During the past few weeks and months, a number of letters have come to us concerning old records, manuscripts, and pictures which various individuals have in their possession. We appreciate this information very much and try to examine all materials that come to our attention.
Many times individuals feel that manuscripts which they have in their possession are of no value to anyone but themselves. This is not always true. There are cases when these records include some information which, when combined with facts that can be found in the atlases and county histories, reveal a very interesting story on some local area or past event. Handwritten materials are often more valuable than printed materials, because there is only one copy of the former. Diaries are exceptionally valuable, especially if the writer kept track of important events of the day. There are times, of course, when manuscripts reveal personal information which no ethical historian would pass on to others.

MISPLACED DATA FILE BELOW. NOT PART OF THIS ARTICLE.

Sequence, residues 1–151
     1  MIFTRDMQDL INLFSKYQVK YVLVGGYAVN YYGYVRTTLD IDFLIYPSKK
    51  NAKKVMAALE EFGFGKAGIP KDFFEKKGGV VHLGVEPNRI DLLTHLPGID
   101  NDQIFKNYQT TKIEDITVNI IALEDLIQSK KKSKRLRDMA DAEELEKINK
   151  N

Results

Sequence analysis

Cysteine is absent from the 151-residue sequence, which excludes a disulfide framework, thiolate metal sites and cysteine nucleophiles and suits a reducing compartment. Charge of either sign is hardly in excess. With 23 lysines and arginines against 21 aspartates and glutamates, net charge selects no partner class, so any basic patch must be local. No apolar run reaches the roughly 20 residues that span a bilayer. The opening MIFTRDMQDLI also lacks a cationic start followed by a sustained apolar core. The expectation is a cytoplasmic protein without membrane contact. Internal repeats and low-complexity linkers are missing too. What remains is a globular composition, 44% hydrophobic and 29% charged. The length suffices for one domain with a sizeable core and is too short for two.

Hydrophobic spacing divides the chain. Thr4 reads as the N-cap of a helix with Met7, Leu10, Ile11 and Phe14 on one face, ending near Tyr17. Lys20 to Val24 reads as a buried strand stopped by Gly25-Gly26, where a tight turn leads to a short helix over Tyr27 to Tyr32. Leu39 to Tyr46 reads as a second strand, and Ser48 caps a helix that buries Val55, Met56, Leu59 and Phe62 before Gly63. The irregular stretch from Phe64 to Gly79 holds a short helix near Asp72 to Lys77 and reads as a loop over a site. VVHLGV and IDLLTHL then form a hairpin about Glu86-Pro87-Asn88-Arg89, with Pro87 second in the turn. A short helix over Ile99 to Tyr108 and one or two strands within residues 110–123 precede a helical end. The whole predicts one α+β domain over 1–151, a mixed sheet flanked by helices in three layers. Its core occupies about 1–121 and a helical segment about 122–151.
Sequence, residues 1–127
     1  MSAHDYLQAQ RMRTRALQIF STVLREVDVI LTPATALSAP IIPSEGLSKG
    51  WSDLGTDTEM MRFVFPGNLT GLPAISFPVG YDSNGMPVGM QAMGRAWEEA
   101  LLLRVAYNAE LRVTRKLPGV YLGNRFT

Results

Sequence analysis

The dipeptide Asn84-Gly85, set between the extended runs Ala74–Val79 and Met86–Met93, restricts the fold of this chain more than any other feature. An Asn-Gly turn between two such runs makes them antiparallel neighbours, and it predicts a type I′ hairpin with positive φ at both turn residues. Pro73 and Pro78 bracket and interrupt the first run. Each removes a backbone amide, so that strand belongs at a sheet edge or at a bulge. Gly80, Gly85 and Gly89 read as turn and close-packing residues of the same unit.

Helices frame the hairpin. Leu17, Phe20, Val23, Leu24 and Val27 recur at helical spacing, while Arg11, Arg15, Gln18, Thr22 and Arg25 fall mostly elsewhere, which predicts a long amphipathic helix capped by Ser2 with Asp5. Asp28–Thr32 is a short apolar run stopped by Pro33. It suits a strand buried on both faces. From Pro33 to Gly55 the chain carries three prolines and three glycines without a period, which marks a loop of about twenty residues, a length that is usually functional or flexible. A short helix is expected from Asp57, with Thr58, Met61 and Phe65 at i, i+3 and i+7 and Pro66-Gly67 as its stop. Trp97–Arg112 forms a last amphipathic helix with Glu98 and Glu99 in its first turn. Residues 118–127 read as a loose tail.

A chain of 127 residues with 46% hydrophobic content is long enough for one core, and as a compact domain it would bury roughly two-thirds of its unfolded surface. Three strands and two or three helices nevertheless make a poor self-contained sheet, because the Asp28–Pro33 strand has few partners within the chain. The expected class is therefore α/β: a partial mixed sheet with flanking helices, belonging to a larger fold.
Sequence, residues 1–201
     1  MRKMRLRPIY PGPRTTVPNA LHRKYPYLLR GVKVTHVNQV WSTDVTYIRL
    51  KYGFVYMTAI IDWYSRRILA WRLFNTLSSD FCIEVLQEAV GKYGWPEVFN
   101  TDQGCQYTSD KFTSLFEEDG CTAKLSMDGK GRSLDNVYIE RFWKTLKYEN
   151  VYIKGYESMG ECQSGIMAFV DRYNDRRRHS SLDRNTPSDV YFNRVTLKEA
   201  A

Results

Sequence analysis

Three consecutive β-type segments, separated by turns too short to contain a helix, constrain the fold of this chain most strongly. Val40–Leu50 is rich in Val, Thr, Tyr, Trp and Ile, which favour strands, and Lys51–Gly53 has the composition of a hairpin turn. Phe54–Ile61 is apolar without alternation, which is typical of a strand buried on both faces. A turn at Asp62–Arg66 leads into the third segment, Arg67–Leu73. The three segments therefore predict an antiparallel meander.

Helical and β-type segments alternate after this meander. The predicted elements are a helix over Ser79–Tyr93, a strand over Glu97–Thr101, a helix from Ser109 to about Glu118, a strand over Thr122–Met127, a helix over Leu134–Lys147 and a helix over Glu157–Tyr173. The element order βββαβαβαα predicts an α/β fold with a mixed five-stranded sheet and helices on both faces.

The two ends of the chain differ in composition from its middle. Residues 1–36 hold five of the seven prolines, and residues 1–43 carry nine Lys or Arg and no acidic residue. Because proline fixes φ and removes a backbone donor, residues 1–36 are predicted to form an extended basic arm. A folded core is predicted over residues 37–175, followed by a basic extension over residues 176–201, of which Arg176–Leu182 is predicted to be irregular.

The county historian is interested in receiving information concerning manuscripts and other historical items which would be available for inspection and study. This would be done in your own home or we would give you a receipt for the manuscript and return it to you after a few days.
We are also interested in interviewing people who can give us information on our county's past history. Every section of the county has an interesting history of its own which may be lost if it is not recorded. Many times individuals who have a great store of information are too modest to make themselves known. If there is someone in your neighborhood who has lived in the area for a number of years, send his name to us as an interview possibility.
Warsaw Times-Union Sat. July 11, 1953